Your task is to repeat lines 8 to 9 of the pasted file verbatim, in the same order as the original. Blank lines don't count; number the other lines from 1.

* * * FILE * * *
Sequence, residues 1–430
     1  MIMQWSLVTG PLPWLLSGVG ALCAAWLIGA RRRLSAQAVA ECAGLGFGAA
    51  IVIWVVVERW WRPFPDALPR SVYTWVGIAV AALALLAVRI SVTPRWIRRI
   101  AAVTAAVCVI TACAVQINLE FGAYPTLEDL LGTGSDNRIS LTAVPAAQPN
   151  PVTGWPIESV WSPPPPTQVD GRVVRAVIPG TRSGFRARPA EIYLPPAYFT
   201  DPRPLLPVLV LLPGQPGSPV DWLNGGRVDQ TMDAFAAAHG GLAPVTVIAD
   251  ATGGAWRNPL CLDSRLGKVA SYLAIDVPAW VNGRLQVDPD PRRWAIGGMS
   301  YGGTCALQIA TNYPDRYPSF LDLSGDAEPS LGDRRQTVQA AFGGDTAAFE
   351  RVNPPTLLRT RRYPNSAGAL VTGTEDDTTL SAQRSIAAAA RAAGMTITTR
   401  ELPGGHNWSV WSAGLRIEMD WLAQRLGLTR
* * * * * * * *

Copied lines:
   301  YGGTCALQIA TNYPDRYPSF LDLSGDAEPS LGDRRQTVQA AFGGDTAAFE
   351  RVNPPTLLRT RRYPNSAGAL VTGTEDDTTL SAQRSIAAAA RAAGMTITTR